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#194041 - 05/05/10 10:04 PM A new way to power the planet?  
sparky  Offline
Member
Joined: Oct 2000
Posts: 5,311
Well here's something that might make dinosaurs outta all of us here, i've never heard of anything quite like this (note to mods> or even know where to appropriately post it)


A New Way to Power the Planet?

In February 2010 Silicon Valley start-up Bloom Energy debuted what it believed was a true revolution in the electricity industry. Its creators heralded the small, elegant energy “server” as a modern marvel the likes of which had never been seen before. The device is made of cheap materials, can both store and generate energy, and is allegedly more efficient and flexible than other output technologies.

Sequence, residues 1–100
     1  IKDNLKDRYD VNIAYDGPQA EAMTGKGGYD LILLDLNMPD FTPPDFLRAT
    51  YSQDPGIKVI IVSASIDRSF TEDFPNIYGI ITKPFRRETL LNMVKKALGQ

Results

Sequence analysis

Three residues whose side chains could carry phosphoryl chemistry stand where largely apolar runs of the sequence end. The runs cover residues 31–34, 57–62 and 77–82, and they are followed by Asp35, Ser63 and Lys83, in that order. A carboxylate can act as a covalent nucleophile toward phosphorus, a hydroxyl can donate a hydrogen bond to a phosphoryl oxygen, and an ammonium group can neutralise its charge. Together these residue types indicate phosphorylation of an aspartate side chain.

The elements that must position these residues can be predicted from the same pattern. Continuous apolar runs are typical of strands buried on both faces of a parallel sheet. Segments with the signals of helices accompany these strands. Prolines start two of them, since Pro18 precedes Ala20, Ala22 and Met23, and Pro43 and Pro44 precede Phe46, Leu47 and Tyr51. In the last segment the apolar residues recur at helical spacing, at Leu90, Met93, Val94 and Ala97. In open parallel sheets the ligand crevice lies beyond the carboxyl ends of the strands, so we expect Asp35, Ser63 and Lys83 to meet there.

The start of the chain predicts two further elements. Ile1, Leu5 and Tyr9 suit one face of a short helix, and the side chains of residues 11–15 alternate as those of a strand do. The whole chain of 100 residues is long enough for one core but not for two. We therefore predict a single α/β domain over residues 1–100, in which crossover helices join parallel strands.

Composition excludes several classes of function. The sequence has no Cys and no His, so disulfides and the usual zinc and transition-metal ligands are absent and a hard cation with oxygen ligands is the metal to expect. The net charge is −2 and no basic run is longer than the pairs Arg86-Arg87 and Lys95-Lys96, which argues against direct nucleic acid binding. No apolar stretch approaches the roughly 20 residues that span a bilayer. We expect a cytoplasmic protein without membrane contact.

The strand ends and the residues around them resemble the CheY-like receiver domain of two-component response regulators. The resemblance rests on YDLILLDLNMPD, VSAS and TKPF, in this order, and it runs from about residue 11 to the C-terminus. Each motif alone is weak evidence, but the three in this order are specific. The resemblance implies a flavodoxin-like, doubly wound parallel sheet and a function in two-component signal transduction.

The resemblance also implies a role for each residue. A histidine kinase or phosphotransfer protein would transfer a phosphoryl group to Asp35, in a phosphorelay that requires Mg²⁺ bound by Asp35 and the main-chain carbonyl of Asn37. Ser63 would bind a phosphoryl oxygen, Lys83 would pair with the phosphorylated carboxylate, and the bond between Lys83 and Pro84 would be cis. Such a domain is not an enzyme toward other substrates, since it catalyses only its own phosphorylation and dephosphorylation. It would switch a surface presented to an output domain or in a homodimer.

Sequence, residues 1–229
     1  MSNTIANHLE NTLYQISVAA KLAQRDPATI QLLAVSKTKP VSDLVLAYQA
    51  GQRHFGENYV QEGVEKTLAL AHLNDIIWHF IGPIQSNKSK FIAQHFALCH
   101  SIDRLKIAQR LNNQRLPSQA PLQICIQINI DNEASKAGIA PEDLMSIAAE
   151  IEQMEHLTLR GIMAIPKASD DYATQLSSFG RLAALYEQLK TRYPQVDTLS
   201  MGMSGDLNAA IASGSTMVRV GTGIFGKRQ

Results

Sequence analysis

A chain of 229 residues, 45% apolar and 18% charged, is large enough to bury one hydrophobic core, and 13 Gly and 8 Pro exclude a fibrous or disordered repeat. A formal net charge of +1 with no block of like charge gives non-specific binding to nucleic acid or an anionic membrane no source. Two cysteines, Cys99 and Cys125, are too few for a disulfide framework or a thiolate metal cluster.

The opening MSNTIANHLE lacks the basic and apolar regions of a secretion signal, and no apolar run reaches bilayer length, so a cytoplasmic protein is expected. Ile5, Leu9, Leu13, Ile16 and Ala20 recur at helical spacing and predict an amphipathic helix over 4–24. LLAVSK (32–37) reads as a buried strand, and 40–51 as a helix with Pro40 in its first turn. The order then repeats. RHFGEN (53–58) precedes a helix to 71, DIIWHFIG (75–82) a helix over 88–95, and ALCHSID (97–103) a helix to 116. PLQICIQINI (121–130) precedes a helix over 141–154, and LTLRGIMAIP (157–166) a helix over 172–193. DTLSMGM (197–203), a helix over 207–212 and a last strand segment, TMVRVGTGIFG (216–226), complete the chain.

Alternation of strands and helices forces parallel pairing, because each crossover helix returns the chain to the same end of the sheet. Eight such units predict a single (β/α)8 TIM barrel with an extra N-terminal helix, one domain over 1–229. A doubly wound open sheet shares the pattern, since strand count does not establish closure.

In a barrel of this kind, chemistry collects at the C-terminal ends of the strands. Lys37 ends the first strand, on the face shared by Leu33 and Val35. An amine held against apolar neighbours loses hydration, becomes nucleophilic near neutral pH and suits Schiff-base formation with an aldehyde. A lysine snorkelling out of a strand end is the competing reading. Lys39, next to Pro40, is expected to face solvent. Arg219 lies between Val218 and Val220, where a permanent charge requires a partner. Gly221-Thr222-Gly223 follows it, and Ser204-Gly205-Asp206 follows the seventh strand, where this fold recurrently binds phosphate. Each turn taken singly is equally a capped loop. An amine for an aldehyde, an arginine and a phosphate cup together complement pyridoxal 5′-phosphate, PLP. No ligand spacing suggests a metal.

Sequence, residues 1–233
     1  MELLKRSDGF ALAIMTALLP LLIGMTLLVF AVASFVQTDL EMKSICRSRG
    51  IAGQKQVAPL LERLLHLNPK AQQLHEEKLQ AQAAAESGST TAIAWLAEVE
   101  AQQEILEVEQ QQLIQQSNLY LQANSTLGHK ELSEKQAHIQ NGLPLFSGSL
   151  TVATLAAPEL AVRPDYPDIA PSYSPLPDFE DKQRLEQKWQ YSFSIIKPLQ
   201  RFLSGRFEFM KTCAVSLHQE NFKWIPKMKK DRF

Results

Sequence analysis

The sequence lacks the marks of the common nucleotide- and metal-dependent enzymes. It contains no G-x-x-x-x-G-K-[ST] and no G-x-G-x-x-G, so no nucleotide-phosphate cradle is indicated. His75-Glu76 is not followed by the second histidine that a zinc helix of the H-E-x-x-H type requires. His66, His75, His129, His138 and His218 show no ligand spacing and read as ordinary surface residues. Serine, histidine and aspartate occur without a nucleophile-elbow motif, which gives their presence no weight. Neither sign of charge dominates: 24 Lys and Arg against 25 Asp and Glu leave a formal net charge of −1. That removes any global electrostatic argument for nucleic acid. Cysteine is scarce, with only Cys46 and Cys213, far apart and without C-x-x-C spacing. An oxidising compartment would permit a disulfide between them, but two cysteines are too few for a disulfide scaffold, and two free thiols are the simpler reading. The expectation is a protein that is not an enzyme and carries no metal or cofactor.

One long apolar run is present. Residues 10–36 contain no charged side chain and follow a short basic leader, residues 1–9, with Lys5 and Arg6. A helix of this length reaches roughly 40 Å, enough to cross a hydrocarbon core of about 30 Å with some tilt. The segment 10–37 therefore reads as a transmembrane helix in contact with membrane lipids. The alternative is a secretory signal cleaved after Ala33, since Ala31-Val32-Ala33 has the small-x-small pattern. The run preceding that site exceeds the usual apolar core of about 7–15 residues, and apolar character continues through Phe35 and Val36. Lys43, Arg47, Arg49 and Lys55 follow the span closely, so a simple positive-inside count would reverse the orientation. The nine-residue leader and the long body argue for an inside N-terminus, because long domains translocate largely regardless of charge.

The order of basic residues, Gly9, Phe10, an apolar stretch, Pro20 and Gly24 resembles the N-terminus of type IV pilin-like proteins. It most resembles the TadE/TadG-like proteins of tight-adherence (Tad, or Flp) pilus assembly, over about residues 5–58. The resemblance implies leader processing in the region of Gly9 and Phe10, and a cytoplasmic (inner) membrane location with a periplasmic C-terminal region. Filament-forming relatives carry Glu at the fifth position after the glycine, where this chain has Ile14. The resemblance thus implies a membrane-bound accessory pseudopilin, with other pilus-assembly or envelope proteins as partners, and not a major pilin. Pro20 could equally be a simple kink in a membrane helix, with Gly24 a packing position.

The Bloom Energy Server, often called the “Bloom Box,” currently generates electricity from a natural gas source. The methane goes in, goes through a series of catalyzed chemical reactions, and electricity comes out. Because of its usage of natural gas, the energy server is not a stand-alone solution to human-induced climate change or pollution.

However, the portability of the energy source itself does increase efficiencies. Instead of producing gigawatts of power at a central location and transmitting that energy across a vast power grid, individual consumers could purchase a “bloom box” and make energy at home. Natural gas burns much cleaner than coal, it is also easier to extract, and it is less hazardous to employee safety. More importantly, the U.S. has vast domestic supplies of natural gas that could be tapped to feed any Bloom-induced spike in demand.

The fuel cell is not perfect, and like all hyped technologies it will likely not live up to all its advanced billing. Nevertheless, the innovation and entrepreneurial vision of Bloom Energy is something that the American economy desperately needs. This country cannot become a 21st century leader if it is still suckling from the teat of fossil fuels. For the time being the energy server is just another fossil fuel guzzler.